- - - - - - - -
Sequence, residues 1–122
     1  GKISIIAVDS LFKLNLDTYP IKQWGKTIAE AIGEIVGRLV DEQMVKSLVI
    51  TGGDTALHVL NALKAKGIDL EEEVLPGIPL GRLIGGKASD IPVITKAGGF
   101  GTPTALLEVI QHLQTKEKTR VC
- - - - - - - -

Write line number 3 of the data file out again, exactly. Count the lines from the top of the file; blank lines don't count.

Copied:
    51  TGGDTALHVL NALKAKGIDL EEEVLPGIPL GRLIGGKASD IPVITKAGGF